What I do like about it is: as stated in the assessment, it’s an interesting ‘response’ to ‘Bob & Carol & Ted & Alice’. The main problem with ‘B&C…’ is that its characters, though living in the ’60s, are still too tied to the ’50s (a little too angst-ridden and prone to analyzing their feelings). The men and women in ‘GM’, on the other hand, more fully represent the ’60s generation of free love – and are less prone toward feeling guilty about their sexuality. That makes for a more easy-going approach to the subject matter.

    But, unfortunately, real damage is done here because the dialogue is – for the most part – not all that inspired.

    Not only is a sextet (if you will) a challenge for the six main characters, but it also proved – for the writers – to be a matter of biting off more than they could chew. It’s almost as if the writers couldn’t really decide on the proper angle for the story (which, as a result, also makes it a film a little difficult to write about). It’s clear that the group was to consist of six people with distinct, unchallenged hetero leanings – and that the six were to agree to be faithful inside the group (“A marriage is a marriage – even this one.”) But, oddly enough (esp. for a film with just about no actual sex in it), we never really see how the group operates *as* a (sexual) group…aside from little things like the discomfort when six people share a bathroom at the same time. What if the three men desire one particular woman at the same time? And would there really be *no* whiff of bisexuality? Ever? Even out of curiosity in such intimate quarters?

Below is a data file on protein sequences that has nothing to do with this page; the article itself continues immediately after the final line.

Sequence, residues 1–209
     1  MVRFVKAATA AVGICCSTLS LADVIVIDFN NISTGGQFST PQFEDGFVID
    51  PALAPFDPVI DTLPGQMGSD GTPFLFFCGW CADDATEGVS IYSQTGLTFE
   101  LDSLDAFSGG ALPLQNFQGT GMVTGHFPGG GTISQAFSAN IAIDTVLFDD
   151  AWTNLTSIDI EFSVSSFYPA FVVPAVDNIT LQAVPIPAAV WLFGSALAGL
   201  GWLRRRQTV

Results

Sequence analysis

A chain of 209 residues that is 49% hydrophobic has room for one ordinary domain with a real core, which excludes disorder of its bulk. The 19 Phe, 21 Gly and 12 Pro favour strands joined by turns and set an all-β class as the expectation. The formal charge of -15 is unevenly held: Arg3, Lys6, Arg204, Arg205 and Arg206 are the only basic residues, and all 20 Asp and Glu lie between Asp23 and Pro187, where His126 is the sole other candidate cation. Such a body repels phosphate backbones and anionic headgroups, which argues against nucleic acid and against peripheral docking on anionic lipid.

The film contains a few esp. weird elements: i.e., when an ad is placed in an underground paper for a sixth person to complete the group, we see a series of people answering the ad…none of them being quite as garden variety hetero as the other group members. This is all played for laughs but, at the same time, there appears to be the suggestion that ‘normal het is better’ (i.e., a bisexual guy is just about actually thrown off of their property, a lesbian woman is depicted not only as very butch but almost carnivorous, etc.).

    As well, it’s on odd turn in the story when the group begins to experience hate crimes where they live. ~though the attacks on their home would probably not happen if it weren’t for what amounts to my favorite scene: the six are interviewed for television. (That scene is actually clever and funny – it’s almost as though a ghost writer had been brought in – not only for here, but to occasionally add something humorous.)

    And, yes, the gay couple next door…that’s a bit much. Personally, I don’t mind the stereotyping as much as the fact that they’re given nothing witty to say. (But at least they are given some dignity at the end of the film.)

    It really is a shame this film isn’t better. It’s a terrific premise…maybe someday someone else will get it right.